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3. the success of the plaintiff on the merits (or the likelihood of success in the case of a preliminary injunction); and 4. the general public interest. 25
11 This test provides protection to the defendant ex ante. The first factor is the natural byproduct of the general principle that equity will not aid one with an adequate remedy at law. Thus, the damage must be irreparablethe sort absolutely incapable of mending by mere money. 26 The second factor, the balance of the hardships, and the fourth factor, the public interest, represent a tacit acknowledgement that injunctions are extremely powerful and underscore the universal reach of equity. 12

In addition to the obvious burdens they impose on defendants, 27 injunctions levy significant costs on plaintiffs and the judicial system as a whole. If the defendant ignores or violates an order, the plaintiff must institute a contempt proceeding, 28 and the losing party may appeal. 29 These proceedings tax both the parties and the courts in time and money. Moreover, Professor Standen has suggested that frequent use of injunctions undesirably shifts risk-analysis burdens to plaintiffs and judges. 30

Despite the long history of these protective principles and the incidental costs of injunctions, the frequency with which the remedies are issued belies the strength of the four-factor test. 31 Numerous commentators, citing both descriptive and normative reasons, have called for the end of the inadequate remedy at law / irreparable injury rule in all
13

See, e.g., Metro-Goldwyn Mayer, Inc. v. 007 Safety Products, Inc., 183 F.3d 10, 15 n.2 (1st Cir. 1999); Cf. ROSS, supra note 3, 11.02[1][b] (noting that two circuits follow a slightly different formulation, where a party seeking injunctive relief must show: (1) that it will suffer irreparable harm in the absence of an injunction; and (2) either a likelihood of success on the merits, or sufficiently serious questions going to the merits make them a fair ground for litigation, and a balance of the hardships tipping decidedly in the movants favor). 26 E.g., Pappan Enters. v. Hardees Food Sys., Inc., 143 F.3d 800, 805 (3d Cir. 1998). 27 See 43A C.J.S. Injunctions 398 (2005) (Violation of a valid injunction . . . constitutes a contempt of court and is punishable as such.). See also id. 438 ([O]ne who violates an injunction is liable to punishment by fine or imprisonment.) (footnotes omitted). 28 Id. 423. 29 Id. 433. 30 Jeffrey Standen, The Fallacy of Full Compensation, 73 WASH. U. L.Q. 145, 16162 (1995). 31 See DOUGLAS LAYCOCK, THE DEATH OF THE IRREPARABLE INJURY RULE 5 (1991).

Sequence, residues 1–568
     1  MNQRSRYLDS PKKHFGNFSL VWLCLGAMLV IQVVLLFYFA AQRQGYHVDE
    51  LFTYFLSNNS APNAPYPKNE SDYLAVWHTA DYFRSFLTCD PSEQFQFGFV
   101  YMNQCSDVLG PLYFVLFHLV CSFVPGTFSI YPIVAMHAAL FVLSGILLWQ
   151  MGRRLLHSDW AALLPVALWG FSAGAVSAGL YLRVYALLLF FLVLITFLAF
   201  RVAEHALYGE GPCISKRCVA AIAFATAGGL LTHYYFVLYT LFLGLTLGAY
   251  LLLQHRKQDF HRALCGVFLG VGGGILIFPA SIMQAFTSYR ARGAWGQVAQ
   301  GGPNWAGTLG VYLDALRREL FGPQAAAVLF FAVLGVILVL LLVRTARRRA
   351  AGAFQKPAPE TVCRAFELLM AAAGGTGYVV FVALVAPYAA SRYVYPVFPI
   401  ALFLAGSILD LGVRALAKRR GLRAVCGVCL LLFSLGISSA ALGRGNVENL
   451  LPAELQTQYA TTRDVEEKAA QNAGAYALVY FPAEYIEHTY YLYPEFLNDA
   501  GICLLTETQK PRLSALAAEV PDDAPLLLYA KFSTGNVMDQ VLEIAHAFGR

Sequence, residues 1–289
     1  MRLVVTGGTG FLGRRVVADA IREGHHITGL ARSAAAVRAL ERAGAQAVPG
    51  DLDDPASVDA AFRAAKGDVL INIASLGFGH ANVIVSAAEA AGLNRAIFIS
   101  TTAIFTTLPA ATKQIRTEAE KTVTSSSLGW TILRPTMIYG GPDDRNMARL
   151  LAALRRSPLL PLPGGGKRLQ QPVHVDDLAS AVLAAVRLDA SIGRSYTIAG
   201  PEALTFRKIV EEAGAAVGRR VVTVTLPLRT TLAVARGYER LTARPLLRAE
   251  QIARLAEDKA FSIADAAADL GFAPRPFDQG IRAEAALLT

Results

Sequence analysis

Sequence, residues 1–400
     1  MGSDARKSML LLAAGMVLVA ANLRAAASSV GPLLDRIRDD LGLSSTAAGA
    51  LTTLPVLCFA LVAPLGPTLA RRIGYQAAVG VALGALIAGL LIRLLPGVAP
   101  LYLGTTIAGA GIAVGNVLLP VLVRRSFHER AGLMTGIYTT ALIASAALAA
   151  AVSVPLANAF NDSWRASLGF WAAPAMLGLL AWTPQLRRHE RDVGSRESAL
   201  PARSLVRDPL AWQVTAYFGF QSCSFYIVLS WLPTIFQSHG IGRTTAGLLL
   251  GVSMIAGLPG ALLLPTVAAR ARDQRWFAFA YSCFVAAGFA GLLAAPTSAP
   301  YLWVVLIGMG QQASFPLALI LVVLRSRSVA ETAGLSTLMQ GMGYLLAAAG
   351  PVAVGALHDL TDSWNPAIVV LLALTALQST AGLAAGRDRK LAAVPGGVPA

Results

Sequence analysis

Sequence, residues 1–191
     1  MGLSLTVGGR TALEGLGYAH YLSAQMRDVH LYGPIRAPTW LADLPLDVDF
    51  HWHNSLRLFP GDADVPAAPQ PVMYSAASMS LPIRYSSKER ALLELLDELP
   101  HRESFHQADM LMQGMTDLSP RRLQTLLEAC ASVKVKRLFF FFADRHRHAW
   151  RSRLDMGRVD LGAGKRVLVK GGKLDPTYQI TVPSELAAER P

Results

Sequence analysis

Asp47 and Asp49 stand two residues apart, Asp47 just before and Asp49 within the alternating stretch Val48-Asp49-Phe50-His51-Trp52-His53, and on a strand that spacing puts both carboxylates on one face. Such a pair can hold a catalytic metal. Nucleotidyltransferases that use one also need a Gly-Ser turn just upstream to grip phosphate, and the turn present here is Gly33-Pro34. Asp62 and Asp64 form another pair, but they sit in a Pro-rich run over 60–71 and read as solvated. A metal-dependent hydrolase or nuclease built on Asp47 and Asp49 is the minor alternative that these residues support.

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areas of law. 32 Nevertheless, even those who have called for reform in this area acknowledge that there is a fundamental need for some limit on the availability of injunctions. 33 The modern significance of the irreparable injury rule is that injunctions are powerful, costly, and can be inefficient if overused. This is precisely the point being largely overlooked in trademark law.

B. The Test for Issuing an Injunction in Trademark Law


14 While the four-factor test described above is still used with force in other substantive areas of law, 34 the gradual rise of certain presumptions has enfeebled the test in trademark law. 15 With only one exception, every federal court of appeals has a presumption of irreparable harm once the trademark owner has successfully proven a likelihood of success on the merits at the preliminary injunction level. 35 Where the court is contemplating a permanent injunction, the plaintiffs actual success will be sufficient to presume irreparable harm. 36 16 There have been several explanations offered for why courts may presume irreparable harm in the context of trademark disputes. The most popular of these theories is inadequacy of monetary relief where the
32